For example, separate detector sticks 16, 18, 118 are illustrated in FIG. 13, each having a single, separate ampoule 121, for example. Alternatively, more than one ampoule may be coupled together to contain more than one fluid separated from the other. One detector stick 18 in the partial cross-sectional view of FIG. 13 is illustrated disposed partially obscured behind a cross-sectional view of a detector stick 16, for example, in an arrangement accommodating six detector sticks. The cap 107 comprises an integrated rupture mechanism 140 and dividers 141 dividing the wicking tip 23 of one detector stick 16 from the wicking tip 23 of the adjacent detector stick 18, for example. The integrated dividers 141 may prevent mixing of fluids from one ruptured ampoule 121 with a neighboring ruptured ampoule in the adjacent detector stick 18.
  • [0038]
    The illustration of FIG. 15 shows an arrangement of six detector sticks, as arranged in a single housing 105, for example. A slot 111 may be aligned with protrusion on the cap 107, such that the cap 107 may only be aligned in one way. For example, this may be necessary if a pair of adjacent detector sticks 116 have wicking tips 123 joined together. For example, two different fluids may be disposed in two different ampoules, which may mix when wicked by the wicking tip 123 to the co-joined detection surface of the pair of adjacent detector sticks 116. Two or more detector sticks may be joined together for presenting a plurality of reagents and/or solvents as necessary to induce a visual change on the surface of the detector sticks, when a target chemical is present at the surface due to swabbing of the surface of the wicking tip on a contaminated surface, for example.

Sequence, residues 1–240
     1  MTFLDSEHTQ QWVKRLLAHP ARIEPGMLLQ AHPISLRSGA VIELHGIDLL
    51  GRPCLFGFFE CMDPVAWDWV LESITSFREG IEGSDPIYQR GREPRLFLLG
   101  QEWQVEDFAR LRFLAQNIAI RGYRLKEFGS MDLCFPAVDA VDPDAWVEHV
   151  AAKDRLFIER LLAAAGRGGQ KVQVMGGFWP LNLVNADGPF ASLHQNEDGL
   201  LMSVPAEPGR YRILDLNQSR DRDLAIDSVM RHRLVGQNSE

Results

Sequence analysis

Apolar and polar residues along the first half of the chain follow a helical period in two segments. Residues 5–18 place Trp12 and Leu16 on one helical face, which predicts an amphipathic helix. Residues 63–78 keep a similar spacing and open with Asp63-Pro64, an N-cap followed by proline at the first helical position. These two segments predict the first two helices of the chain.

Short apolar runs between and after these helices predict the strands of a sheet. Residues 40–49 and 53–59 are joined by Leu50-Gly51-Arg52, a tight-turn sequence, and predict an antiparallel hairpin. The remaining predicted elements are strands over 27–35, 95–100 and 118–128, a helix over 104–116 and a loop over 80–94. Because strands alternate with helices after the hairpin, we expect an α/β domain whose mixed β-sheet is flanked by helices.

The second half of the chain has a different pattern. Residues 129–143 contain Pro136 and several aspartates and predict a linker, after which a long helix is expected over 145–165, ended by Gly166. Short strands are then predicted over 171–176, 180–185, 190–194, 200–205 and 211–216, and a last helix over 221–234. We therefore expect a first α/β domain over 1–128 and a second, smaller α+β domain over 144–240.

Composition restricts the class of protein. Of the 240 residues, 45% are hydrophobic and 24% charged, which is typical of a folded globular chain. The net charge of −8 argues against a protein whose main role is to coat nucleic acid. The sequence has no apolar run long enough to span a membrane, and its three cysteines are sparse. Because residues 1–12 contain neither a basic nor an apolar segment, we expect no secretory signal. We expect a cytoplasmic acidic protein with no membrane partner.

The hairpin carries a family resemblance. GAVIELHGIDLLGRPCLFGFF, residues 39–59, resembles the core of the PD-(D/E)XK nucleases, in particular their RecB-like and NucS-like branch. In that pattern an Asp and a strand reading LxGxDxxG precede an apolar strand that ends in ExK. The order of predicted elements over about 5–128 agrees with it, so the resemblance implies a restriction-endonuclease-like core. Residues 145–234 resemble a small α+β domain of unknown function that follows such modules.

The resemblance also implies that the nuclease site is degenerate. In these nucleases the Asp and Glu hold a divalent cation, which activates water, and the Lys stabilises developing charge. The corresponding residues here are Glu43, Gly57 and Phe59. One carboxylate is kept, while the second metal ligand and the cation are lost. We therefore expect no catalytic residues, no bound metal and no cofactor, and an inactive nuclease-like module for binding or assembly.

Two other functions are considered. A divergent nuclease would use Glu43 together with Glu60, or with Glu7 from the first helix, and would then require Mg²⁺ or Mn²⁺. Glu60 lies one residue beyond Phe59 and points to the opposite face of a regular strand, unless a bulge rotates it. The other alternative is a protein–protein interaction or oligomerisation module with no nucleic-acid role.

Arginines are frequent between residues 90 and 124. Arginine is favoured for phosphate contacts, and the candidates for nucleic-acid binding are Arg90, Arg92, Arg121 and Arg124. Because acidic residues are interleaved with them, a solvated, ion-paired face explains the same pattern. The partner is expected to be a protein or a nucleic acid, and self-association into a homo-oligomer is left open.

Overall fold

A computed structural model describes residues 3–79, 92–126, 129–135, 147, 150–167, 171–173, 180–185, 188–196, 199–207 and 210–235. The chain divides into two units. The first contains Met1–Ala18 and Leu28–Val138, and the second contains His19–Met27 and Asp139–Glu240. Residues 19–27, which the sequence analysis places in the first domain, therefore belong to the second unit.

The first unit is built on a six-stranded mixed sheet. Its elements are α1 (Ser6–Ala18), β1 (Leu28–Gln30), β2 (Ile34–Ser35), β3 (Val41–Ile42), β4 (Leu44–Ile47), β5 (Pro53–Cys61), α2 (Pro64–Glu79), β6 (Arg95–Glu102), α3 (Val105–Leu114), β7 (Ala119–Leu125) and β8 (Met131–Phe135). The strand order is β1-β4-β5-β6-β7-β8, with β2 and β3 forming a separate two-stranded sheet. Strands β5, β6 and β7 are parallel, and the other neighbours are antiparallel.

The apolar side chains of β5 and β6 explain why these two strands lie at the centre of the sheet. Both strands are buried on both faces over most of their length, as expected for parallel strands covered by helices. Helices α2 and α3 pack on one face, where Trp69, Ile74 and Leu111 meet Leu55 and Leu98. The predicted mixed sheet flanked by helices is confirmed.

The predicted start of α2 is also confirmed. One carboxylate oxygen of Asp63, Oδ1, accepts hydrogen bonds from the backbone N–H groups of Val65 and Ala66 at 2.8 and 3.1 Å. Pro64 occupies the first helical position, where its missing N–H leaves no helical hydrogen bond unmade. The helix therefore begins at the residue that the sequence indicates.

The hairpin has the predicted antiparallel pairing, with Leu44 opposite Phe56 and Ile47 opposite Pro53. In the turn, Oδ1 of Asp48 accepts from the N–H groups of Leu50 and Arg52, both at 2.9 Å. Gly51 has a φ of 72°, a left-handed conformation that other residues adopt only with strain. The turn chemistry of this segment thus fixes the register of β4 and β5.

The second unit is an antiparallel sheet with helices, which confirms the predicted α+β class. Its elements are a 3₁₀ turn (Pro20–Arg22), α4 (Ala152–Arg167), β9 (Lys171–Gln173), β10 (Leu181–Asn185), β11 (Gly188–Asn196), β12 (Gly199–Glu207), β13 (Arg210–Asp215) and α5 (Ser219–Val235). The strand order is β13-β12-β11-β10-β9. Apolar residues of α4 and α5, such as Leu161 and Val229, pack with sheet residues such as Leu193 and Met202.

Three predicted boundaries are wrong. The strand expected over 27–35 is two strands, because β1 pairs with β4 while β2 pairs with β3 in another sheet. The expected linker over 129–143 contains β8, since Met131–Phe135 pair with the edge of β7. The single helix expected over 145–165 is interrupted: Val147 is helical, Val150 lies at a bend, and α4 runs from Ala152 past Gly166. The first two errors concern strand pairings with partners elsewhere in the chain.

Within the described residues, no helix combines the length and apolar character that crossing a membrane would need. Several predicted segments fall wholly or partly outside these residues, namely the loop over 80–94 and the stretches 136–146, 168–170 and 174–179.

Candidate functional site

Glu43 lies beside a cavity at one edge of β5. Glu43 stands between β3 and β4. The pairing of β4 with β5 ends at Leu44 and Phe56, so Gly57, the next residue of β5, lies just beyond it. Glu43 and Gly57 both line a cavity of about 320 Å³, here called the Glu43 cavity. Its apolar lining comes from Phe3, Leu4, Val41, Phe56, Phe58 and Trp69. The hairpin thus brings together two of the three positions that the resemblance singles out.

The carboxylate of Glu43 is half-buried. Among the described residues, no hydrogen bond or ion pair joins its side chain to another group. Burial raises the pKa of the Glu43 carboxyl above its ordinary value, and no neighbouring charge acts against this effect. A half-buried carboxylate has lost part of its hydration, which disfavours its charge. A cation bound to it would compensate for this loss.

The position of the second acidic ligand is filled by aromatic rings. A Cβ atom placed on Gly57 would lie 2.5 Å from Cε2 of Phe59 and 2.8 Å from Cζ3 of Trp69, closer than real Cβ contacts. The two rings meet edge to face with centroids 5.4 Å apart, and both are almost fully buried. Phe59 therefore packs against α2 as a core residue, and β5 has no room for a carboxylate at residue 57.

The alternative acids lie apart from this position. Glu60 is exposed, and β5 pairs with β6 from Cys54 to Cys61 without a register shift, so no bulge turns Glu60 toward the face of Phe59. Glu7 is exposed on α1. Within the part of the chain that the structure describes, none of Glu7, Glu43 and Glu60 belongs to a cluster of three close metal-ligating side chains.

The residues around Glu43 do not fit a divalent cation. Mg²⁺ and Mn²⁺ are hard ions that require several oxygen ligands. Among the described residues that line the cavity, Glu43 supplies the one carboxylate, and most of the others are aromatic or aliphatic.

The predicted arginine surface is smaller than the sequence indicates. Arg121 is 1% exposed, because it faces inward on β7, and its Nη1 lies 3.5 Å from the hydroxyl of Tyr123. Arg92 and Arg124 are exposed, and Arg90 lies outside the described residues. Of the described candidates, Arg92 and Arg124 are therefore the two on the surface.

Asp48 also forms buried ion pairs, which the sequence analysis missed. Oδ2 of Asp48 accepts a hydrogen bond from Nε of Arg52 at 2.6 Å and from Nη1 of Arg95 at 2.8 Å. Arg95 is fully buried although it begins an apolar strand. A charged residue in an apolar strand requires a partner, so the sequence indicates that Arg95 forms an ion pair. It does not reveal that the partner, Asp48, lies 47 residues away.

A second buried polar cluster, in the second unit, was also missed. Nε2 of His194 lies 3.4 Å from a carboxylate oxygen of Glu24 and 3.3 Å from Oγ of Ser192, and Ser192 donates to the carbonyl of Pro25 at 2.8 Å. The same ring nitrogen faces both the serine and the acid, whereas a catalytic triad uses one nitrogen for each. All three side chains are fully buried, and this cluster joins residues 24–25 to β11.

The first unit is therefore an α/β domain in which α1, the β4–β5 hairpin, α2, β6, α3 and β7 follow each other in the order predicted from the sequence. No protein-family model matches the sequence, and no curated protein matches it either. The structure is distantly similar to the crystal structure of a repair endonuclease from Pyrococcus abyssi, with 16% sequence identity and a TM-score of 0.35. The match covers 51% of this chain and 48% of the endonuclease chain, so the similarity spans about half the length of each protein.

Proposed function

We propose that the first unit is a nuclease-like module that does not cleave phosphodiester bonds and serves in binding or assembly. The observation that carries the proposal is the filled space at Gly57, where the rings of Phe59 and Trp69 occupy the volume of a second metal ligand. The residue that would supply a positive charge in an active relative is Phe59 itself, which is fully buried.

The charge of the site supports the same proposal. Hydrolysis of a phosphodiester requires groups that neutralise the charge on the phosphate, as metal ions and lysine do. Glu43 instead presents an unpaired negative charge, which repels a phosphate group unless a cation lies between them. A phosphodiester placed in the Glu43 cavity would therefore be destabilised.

• [0039]